26/08/2011 § 15 Comments
If you’re a brand new library school student, you may feel it’s a little early to start thinking about internships/practicums. While I do think you need a few weeks to get settled in and feel less overwhelmed by the new atmosphere (and information overload), it’s a good idea to begin thinking about internships as soon as you’re able. My number 1 tip for new students is to start perusing job ads – subscribe to job lists in Google Reader, and save the ones that interest you. You don’t have to have your “track” figured out yet, but if you know some of the skills you will need to meet job requirements, you will feel a bit more focused when it comes to choosing classes and internships.
LIS programs vary when it comes to internships and practicums; some are required, some are optional. At UA, internships are optional, but students are strongly encouraged to do at least one semester-long, 150-hour internship for pass/fail credit. It doesn’t hurt that SLIS has an amazing internship coordinator who is not afraid to call any library – students talk to her about their interests, she names off some choices, and they go from there.
First things first: if an internship is not required, DO ONE. There are some exceptions to this. If you’re already working in a library part-time or full-time, you may not need an internship. If you can’t physically fit one in your schedule due to life conflicts, it’s understandable. Otherwise — do it. I can’t stress this enough.
Now for the other tips: « Read the rest of this entry »
10/08/2011 § 1 Comment
Whether you just finished an intense summer of grad school, working, conferencing, or swimming with the dolphins, chances are that you missed a few of our posts this summer. Never fear – it’s time for our end of semester recap! Completely new to HLS? You can catch the Best of Semester One here.
OUR TOP TEN POSTS (BY HITS):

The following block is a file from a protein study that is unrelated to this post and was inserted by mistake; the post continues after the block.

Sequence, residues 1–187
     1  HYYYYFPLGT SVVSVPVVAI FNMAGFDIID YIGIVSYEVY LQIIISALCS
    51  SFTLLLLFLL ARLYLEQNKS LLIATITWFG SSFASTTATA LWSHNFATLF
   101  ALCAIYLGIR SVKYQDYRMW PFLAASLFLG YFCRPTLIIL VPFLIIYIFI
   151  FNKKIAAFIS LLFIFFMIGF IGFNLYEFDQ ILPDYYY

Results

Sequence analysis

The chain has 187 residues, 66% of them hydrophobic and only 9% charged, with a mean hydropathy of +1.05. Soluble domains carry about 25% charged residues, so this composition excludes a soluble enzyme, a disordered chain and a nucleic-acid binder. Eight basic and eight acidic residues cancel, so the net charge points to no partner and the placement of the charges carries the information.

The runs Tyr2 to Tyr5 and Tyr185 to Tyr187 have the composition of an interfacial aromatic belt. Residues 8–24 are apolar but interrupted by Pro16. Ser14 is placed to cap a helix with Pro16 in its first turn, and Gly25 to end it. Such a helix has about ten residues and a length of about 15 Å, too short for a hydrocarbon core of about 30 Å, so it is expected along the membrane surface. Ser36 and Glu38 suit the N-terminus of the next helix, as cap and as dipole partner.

- Hack ALA: The Librarian Wardrobe
- Hack ALA: What’s a Professional Organization to Do?
- The Color of Knowledge: Diversity and Librarianship
- Hack ALA: Our ALA ’11 Recommended Sessions
- Hack Your Program: Simmons Graduate School of Library and Information Science
- Walking a Fine Line: You 2.0 vs. well, You
- Life Long Learning, Not Just a Buzzphrase: Continuing Your Education After Library School
- Hack ALA: Attending ALA Annual Without Attending ALA Annual
- Atlas of New Librarianship – The unbook unreview
- Hack ALA: Get Your Network On!
TOP POST PER EDITOR:
Atlas of New Librarianship – The unbook unreview – Micah Vandegrift
Transition: Student to Professional – Heidi Kittleson
Subsidized Loans: A Relic of Our Past? – Julia Skinner
Google University – Nicole Fonsh
Student Organizations and LIS Education – Britt Foster
Hack ALA: Get Your Network On! – Lauren Dodd and Annie Pho
The Little Big Red Bookstore That Couldn’t – Zack Frazier
Hack ALA: What’s a Professional Organization To Do? – Turner Masland
Diversity: A New Perspective – Rebecca Halpern
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CATCH UP ON OUR SERIES’:
Hack Your Program – provides basic overviews of the schools we represent, some recommended courses, insight into the bureaucracy and/or politics of the program, and constructive criticism. Is there a school you would like to see represented? Do you want to write a post about your program? See this post.
Hack ALA – posts that examine the American Library Association from the students’ perspective, weigh pros and cons and assess the value of membership for the library school student, offer an insight to how the organization works, and provide tips to survive ALA’s Annual Conference.